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Ask Father Mike: What Does the Catholic Church Teach About Suicide?


Fr. Mike Schmitz - published on 03/30/15

Many people I talk with who have loved someone who committed suicide struggle simultaneously with feelings of grief and anger. They are sad at the loss and at the pain that they saw their loved one go through; they can also be mad at the person who killed themselves. That’s fine. It is okay to be mad at them…or to be mad at the situation. We don’t have to be afraid to acknowledge that, while the person may have been hurting, he or she really hurt everyone else when the person killed himself. It was possibly an act of selfishness on their part, and now we have to stand around and try to pick up the pieces of our shattered lives.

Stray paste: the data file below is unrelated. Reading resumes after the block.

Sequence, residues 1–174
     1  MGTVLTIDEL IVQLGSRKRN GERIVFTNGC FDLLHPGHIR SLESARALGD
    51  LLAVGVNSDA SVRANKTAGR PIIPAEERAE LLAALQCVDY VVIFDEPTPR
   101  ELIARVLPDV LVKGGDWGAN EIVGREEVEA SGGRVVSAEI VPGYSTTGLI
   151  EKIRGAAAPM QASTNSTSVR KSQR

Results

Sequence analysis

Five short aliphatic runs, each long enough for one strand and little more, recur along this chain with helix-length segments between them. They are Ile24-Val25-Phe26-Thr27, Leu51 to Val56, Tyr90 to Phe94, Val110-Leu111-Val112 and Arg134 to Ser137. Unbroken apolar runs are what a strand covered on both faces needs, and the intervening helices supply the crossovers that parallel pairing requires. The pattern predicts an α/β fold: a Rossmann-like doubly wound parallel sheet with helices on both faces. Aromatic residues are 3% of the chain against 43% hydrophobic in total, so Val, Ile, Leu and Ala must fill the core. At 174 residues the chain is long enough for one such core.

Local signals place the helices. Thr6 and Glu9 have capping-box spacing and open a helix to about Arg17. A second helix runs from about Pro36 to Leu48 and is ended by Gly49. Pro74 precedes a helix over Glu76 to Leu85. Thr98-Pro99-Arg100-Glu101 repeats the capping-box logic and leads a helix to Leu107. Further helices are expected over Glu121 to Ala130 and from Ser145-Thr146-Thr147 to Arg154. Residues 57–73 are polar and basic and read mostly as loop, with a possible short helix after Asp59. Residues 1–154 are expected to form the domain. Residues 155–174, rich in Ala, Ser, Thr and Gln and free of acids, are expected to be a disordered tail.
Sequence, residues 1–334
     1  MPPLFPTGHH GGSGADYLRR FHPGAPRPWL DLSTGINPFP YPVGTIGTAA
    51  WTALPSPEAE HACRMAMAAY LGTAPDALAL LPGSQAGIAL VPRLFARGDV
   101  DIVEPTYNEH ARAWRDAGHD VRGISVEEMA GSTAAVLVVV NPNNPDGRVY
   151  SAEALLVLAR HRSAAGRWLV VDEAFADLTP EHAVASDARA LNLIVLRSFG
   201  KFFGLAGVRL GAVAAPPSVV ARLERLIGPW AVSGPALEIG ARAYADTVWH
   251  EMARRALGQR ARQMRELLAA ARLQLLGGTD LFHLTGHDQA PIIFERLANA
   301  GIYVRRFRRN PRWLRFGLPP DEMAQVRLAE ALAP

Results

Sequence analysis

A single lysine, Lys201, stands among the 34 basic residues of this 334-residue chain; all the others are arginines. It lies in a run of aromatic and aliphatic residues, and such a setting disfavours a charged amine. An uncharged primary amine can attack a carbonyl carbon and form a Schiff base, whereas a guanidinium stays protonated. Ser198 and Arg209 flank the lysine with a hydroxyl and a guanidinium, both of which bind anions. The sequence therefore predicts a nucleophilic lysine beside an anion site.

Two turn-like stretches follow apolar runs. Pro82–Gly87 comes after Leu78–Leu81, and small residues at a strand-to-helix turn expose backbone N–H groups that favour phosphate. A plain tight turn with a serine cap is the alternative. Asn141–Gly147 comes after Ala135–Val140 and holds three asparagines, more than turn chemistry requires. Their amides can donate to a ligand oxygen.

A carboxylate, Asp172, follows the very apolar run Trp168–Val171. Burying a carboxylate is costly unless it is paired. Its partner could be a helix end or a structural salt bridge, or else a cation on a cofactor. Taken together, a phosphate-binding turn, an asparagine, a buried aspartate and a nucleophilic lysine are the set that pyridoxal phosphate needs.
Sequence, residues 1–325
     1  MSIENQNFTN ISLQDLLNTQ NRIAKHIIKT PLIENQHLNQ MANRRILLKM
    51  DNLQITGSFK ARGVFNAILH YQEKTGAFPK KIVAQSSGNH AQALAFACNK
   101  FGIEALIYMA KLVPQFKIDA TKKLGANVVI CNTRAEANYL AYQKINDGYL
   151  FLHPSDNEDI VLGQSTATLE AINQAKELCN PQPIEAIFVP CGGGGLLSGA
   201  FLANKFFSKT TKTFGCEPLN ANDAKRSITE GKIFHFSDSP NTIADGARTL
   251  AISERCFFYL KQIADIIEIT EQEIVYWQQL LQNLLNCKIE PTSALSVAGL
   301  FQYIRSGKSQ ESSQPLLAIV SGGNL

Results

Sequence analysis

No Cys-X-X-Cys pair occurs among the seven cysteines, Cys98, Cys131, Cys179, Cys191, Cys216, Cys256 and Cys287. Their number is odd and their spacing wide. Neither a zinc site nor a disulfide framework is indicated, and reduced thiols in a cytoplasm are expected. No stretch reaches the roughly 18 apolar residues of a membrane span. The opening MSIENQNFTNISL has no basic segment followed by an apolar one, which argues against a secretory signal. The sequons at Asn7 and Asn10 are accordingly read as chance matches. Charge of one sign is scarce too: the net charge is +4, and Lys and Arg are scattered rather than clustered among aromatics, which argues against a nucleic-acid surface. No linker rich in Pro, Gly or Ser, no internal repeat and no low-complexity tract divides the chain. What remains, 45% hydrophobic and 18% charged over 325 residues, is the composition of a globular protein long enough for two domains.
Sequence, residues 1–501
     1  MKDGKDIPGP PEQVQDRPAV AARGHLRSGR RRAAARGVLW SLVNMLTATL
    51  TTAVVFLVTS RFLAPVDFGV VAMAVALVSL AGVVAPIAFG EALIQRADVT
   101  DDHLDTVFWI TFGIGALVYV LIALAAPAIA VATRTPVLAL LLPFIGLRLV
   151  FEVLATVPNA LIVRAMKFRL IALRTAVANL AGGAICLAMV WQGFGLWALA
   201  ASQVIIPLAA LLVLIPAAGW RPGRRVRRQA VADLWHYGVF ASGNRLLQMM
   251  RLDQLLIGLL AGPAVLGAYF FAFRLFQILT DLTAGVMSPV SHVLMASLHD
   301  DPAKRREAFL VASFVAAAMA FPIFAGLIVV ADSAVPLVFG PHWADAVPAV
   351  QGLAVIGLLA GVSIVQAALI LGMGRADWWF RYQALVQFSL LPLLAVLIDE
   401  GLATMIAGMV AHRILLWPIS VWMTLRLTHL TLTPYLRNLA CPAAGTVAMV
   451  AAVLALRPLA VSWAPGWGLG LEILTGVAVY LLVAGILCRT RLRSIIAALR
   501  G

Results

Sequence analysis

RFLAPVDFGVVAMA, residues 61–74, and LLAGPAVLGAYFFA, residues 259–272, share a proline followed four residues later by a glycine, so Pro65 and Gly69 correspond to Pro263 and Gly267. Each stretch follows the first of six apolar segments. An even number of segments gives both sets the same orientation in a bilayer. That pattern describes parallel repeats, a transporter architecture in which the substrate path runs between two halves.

Now, of course, there is a difference between “being mad at” and “hating” or “condemning.” We may be mad, but we are still called to love.

And this is critical. To “love” means to “will the good of the other.” When we love the person who has committed suicide, we will their good. This means that we pray for them. The Church teaches us to pray for those who have died. Why? Because the Church believes that no matter what, there is always hope.

Father Mike Schmitz is the chaplain for Newman Catholic Campus Ministries at the University of Minnesota Duluth. He also serves as the Director of the Office of Youth Ministry for the Diocese of Duluth. This column is a feature of and is published here with permission. You can submit questions to Fr. Mike at You can also listen to Fr. Mike’s homilies here  and at iTunes .

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Mental Health
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